Third (and most importantly), military service involves performing several simultaneous professional functions during each assignment. Just because a squaddie’s official job title referenced one specific organisational function, their actual range of implied, associated, and additional duties covered the equivalent of 2-12 different job functions – all performed at the same time! A squaddie’s career title (like ‘infantryman’ or ‘coxswain’) is often just a way to explain what sort of organisation the worker is assigned to, not what they’re actually doing. A squaddie’s assignment title (like ‘intelligence officer’ or ‘first sergeant’) tells you the primary function that they were expected to perform within that organisation. Then, the squaddie’s additional duty titles (like ‘key control officer’ or ‘family readiness liaison’) tell you something about the actual work they performed while they were there. Even if you know what a military title refers to, titles themselves never tell you the entirety of what you need to know about what the squaddie actually did, what she achieved or what she’s capable of.
That, then, brings me to the solution for all of this title malarkey: in order to successfully screen and understand a veteran’s qualifications to preform a corporate role, you have to understand the veteran’s experience. This involves a long and frank discussion, involving active listening and intelligent questions. If you actually want to understand what a squaddie can and cannot do for you, then you need to ignore the boilerplate interview questions. Instead, ask the veteran probing questions about what they’ve done in such a way that the military-unique language can be stripped away and actual, meaningful information can be conveyed.
To make this process as easy as possible, I teach my junior managers the following concepts to improve their efficacy when interviewing veterans:
Don’t ask a veteran what his or her title was; ask instead what his or her function was. What did they actually do? Accept that a veteran’s former professional titles are meaningless; they don’t translate directly to business roles. Instead, discuss what the veteran actually did day-to-day. Compare that to what people inside your company actually do and pencil in several equivalent working titles.
For example, a young sailor might say: ‘I supervised six people that performed maintenance and repair on radio equipment for an airfield.’ That makes much more sense than her title of ‘ATCALS maintainer’.  The type of work she did means that she understands the technologies underlying computer networks, radio systems, general electronics, electrical power systems, airfield operations and – most importantly – first-line management of technical workers.
Ask a veteran how his or her work contributed to the functioning of their parent organisation. Military personnel aren’t ‘individual contributors’ with only one function; each squaddie is a multifunctional cog in an impossibly complex machine. In order to understand the veteran’s accomplishments, you have to understand the operating context in-play where they were.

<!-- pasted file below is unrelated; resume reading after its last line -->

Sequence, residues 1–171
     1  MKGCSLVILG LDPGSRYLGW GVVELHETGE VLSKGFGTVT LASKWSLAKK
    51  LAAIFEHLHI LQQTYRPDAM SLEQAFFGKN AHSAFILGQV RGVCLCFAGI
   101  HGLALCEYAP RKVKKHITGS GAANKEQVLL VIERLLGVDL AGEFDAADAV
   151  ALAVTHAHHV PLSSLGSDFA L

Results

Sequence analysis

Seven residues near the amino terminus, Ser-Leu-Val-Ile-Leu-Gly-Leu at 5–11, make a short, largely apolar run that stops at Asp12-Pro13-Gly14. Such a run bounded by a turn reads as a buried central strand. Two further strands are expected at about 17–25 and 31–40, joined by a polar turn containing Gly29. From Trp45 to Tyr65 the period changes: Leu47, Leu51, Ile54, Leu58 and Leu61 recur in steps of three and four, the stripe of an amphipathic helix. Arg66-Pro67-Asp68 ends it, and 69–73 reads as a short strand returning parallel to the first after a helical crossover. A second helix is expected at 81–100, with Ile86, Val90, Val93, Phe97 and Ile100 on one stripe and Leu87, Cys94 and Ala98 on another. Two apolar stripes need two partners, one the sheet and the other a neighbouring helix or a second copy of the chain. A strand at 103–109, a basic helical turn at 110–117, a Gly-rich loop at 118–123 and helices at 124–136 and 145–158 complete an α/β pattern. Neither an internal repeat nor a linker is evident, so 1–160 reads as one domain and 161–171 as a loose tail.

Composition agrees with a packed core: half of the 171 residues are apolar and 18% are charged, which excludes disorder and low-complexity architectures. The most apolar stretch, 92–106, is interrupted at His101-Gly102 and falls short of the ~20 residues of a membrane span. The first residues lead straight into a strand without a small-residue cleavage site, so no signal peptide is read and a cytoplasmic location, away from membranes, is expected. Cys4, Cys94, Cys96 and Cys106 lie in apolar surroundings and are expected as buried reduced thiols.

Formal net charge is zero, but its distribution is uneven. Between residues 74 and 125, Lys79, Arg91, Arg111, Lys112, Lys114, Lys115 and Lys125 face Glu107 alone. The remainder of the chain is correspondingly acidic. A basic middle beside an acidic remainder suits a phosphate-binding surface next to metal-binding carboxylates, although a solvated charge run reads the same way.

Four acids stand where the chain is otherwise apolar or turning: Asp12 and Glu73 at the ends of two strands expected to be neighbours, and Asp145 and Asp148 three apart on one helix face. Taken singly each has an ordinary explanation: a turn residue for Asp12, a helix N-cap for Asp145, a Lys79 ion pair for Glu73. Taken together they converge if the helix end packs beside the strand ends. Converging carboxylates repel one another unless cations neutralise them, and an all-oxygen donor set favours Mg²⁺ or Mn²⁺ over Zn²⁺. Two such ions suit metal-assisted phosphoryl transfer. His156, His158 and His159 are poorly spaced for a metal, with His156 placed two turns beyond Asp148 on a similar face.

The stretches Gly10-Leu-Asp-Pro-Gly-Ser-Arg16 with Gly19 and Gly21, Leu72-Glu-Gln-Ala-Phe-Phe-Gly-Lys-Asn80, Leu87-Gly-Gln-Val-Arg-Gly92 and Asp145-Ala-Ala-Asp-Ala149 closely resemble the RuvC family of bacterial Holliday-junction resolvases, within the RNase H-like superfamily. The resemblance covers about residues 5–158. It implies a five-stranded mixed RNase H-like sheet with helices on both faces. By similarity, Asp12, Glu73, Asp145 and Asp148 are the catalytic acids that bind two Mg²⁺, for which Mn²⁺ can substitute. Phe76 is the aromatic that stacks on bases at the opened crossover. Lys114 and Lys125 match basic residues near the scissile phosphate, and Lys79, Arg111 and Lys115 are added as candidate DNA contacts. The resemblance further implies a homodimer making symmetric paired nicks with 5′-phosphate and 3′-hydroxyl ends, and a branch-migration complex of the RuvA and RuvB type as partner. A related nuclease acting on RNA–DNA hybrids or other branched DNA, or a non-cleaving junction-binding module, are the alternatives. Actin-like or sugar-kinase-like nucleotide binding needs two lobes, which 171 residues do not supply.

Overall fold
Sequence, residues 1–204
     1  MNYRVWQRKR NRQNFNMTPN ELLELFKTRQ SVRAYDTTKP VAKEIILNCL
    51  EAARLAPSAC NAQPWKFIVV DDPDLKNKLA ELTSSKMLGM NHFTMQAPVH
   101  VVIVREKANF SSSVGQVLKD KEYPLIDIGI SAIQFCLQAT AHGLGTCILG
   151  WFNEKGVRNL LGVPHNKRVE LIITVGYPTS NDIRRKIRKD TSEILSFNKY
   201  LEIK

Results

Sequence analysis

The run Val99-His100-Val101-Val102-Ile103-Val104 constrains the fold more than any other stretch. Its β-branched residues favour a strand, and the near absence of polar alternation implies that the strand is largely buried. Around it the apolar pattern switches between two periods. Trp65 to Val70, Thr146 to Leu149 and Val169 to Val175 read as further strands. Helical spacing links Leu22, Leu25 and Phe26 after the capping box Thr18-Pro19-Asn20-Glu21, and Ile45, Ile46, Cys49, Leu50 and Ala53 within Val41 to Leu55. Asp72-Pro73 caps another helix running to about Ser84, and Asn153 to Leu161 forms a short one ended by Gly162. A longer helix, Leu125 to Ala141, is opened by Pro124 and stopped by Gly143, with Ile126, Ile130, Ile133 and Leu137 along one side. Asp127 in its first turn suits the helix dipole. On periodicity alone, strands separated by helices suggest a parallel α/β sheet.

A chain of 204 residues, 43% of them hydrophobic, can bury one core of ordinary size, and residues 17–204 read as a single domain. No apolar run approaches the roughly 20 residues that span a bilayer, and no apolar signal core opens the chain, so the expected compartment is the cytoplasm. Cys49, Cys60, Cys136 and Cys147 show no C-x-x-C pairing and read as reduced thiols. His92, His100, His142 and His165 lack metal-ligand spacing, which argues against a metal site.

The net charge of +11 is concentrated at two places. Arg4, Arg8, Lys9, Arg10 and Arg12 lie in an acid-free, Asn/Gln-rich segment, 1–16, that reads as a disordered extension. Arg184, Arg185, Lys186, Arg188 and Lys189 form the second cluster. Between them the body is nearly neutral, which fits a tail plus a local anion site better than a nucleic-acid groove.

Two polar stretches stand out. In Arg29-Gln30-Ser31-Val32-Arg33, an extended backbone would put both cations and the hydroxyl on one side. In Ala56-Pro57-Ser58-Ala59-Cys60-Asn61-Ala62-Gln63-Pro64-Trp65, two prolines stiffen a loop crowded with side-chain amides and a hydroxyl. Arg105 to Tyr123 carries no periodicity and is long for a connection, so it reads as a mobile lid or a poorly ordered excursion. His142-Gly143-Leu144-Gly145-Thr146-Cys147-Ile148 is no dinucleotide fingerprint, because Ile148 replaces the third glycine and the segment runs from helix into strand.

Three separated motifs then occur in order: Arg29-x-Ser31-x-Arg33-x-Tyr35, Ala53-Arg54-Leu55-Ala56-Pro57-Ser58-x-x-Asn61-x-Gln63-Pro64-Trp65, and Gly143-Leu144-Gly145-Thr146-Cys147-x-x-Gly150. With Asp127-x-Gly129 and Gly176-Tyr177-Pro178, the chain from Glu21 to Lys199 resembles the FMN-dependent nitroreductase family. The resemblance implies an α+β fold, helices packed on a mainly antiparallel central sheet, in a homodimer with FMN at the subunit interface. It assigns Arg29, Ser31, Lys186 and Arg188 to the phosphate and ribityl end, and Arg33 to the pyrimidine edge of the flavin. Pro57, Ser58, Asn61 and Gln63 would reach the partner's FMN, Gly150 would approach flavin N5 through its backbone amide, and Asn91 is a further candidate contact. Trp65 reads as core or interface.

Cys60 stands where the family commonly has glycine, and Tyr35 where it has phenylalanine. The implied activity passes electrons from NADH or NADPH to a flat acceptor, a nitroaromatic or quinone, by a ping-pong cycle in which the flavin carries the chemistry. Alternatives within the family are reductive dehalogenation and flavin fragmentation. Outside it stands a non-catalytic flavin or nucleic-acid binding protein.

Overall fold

In the above example, the young sailor might clarify: ‘Our work ensured that airplanes’ navigation gear worked properly so that they could take off and land safely no matter the weather or time of day. If some of our components failed, planes might not be allowed to fly – which put people’s lives at risk, since our base supported an air ambulance service. Therefore, we focused on preventative maintenance – identifying faults before they impacted the larger operation.’ This element means that the sailor could serve with distinction in any role involving quality assurance, auditing, engineering safety or process control – all very important skills that aren’t obvious from her title.
Ask a veteran what his or her additional duties were, and treat each one of those as a job in and of itself. There is no such thing as a military unit large enough to have one worker for every required function; it’s normal for the military to assign the absolute minimum number of personnel to a unit needed to perform its primary function. Then, the bureaucracy overloads the workers with extra responsibilities that have to be accomplished, but aren’t important enough to earn another personnel allocation. This is important, since a squaddie’s title may not reflect what they actually did all day long – and it’s the work experience that qualifies them to perform a role.
For example, a young Army subaltern might have served as an Ordnance Officer. That’s a bloody meaningless term, and it doesn’t correspond to anything business-related. When asked about additional duties performed, however, he might respond: ‘I was our battalion’s Information Systems Security Officer. That meant that I was responsible for ensuring that all 200 PCs in our unit were kept patched and configured. I processed all new user account requests, and provided initial troubleshooting for network problems. I taught new users how to use our proprietary applications, and maintained our official equipment inventory.’ That experience would likely qualify the squaddie to serve in a Tier One technical support role, perhaps supervising a help desk or even running a small company’s IT department. The thing is, there’s no way to associate IT support skills with a career field that’s related to managing stockpiles of ammunition. You have to look past the candidate’s general function and assess his actual responsibilities.